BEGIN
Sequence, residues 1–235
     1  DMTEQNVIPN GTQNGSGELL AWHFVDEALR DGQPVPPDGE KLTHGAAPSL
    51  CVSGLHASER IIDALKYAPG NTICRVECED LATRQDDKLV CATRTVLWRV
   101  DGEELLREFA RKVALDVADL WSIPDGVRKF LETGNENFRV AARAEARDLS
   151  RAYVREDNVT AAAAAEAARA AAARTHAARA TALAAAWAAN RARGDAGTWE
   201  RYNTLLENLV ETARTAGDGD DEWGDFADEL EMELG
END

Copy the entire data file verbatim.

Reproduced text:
Sequence, residues 1–235
     1  DMTEQNVIPN GTQNGSGELL AWHFVDEALR DGQPVPPDGE KLTHGAAPSL
    51  CVSGLHASER IIDALKYAPG NTICRVECED LATRQDDKLV CATRTVLWRV
   101  DGEELLREFA RKVALDVADL WSIPDGVRKF LETGNENFRV AARAEARDLS
   151  RAYVREDNVT AAAAAEAARA AAARTHAARA TALAAAWAAN RARGDAGTWE
   201  RYNTLLENLV ETARTAGDGD DEWGDFADEL EMELG